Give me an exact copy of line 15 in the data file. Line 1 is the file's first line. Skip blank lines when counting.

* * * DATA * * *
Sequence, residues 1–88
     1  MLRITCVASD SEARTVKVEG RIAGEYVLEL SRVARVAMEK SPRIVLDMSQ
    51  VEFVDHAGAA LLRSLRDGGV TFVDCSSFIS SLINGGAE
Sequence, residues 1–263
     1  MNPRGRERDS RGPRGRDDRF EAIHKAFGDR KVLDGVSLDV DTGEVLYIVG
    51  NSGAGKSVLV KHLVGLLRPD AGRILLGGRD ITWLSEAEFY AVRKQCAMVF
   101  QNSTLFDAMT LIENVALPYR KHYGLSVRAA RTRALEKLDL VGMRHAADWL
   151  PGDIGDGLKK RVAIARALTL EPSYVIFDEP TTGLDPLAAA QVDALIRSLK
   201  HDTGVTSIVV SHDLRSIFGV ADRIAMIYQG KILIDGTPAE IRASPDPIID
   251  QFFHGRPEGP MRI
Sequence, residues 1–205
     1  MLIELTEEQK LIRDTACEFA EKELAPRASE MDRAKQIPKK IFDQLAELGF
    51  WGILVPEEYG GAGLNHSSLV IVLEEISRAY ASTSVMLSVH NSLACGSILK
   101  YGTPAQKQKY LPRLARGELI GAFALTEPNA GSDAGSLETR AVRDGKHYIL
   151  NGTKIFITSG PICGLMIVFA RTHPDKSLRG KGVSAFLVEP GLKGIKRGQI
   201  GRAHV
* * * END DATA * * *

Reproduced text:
   151  NGTKIFITSG PICGLMIVFA RTHPDKSLRG KGVSAFLVEP GLKGIKRGQI